RELACS project partners Soil Association and Scotland Rural University College developed practical guidelines for farmers and farm advisors on using faecal egg counts to improve worm control in organic sheep farming. The latest project practice abstract describes how faecal egg counts can be a powerful tool determining the levels of worm infections on farm and
Copper is currently used as a plant protection product (PPP) and/or leaf fertilizer in organic and conventional farming in several European countries. However, its use is controversial, which is why the European research project RELACS (Replacement of Contentious Inputs in Organic Farming Systems) is looking for alternatives. To understand the significance of copper usage and
The RELACS project partners issued practical guidelines informing farmers about assessing the main nutrient flows in and out of their farm with a dedicated Excel tool. The tool reveals whether farms have a nutrient surplus or deficit. Based on the results, farmers are enabled to adjust their nutrient flows to achieve a balanced nutrient budget.
Anthelmintic resistance is spreading globally, impacting the environment and animal welfare. This is why the organic sector is seeking non-chemical complements or alternatives. The RELACS partner Scotland Rural University College (SRUC) investigated the anthelmintic efficacy of heather extracts by performing a comparative analysis of extracts obtained from two heather species. Read the news story “Can
From Italy to Japan – Findings on behavioural manipulation as an alternative to the use of paraffin oil in greenhouse whitefly control presented in Japan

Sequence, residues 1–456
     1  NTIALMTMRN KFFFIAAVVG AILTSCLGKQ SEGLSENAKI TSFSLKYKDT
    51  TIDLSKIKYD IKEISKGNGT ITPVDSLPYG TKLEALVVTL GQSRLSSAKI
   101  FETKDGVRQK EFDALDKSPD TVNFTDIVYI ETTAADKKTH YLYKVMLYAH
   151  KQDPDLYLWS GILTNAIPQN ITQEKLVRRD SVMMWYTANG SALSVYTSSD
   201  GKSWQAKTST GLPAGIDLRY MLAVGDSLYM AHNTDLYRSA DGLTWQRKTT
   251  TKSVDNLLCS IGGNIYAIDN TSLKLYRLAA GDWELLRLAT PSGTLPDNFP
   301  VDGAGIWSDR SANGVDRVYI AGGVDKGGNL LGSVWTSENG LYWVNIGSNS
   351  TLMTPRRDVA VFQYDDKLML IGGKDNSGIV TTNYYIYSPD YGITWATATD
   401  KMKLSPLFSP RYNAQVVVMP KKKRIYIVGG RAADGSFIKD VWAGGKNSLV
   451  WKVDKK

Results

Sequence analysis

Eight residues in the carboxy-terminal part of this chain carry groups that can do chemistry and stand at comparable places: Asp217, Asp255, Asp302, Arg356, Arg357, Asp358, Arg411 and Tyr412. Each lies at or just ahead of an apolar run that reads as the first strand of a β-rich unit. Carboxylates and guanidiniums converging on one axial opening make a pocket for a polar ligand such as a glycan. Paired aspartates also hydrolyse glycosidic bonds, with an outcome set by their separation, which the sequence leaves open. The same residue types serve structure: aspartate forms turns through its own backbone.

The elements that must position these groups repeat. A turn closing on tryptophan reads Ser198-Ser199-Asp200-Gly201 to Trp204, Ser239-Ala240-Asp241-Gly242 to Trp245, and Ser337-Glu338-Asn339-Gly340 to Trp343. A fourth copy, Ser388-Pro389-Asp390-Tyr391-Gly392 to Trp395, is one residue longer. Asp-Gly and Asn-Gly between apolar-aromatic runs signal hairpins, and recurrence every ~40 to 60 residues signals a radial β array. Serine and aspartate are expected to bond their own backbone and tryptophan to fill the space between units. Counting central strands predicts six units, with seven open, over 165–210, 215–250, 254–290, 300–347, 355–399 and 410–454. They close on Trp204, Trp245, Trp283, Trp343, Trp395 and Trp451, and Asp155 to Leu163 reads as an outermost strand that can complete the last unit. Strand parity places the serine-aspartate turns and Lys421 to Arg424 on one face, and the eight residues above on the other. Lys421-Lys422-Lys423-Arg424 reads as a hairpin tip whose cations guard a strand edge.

We just published our third news story, focusing on the experience of Valeria Fattoruso, researcher at RELACS’ partner University of Trento. Her research aims at finding environmentally sound solutions to control the population of one of the most harmful insect pests, namely the greenhouse whitefly, to replace the common use of paraffin oils. Her outstanding
Policy brief on the organic approach to inputs – Plant protection products, fertilisers, veterinary drugs and feed additives explained
A new policy brief offers a clearer picture on the principles and regulations governing the use of different organic inputs in organic farming. It describes strategies to reduce the use of inputs and obstacles that natural substances face in the current regulatory system. The policy brief identifies different strategies and obstacles for each type of
The main goal of the RELACS project is to reduce the use of contentious manures and fertilisers in organic farming. This is not an easy task as knowledge about the current use of such inputs is limited. To counter this issue, the University of Hohenheim, the University of Copenhagen and the Research Institute of Organic
RELACS news story published – Farmer Field Schools: reducing antibiotics in livestock and improving farming through peer-to-peer knowledge exchange
The first Farmer Field School focusing on the reduction of antibiotics in livestock took place in Balbigny, France on 1 April 2019. RELACS’ partner Fédération des Eleveurs et Vétérinaires En Convention (FEVEC) organised the event, which was hosted by “La Ferme du Tilleul”. The five participating farmers learned about best practices and exchanged knowledge about
Farmer Field Schools: peer-to-peer learning to reduce the use of antibiotics – Read the RELACS project’s first practice abstract
In March 2019, the Research Institute of Organic Agriculture (FiBL), IFOAM EU and the French Research Institute for Organic Farming (ITAB) published the first RELACS Practice Abstract. A Practice Abstract contains practical guidelines for different actors of the food and farming system to solve a given problem, in this case farmers and farm advisors. In
Help us to gain an overview on the use and need for antimicrobials and anthelmintics in organic farming – Fill out the survey before 15 March
Scotland’s Rural College, Soil Association and other partners of the RELACS project are conducting a European-wide survey to gain an overview on the current use and need for antimicrobials and anthelmintics in organic farming. We are specifically interested in hearing from Inspectors of Organic Certification Bodies and Farmers Groups. Complete the survey by 15 March.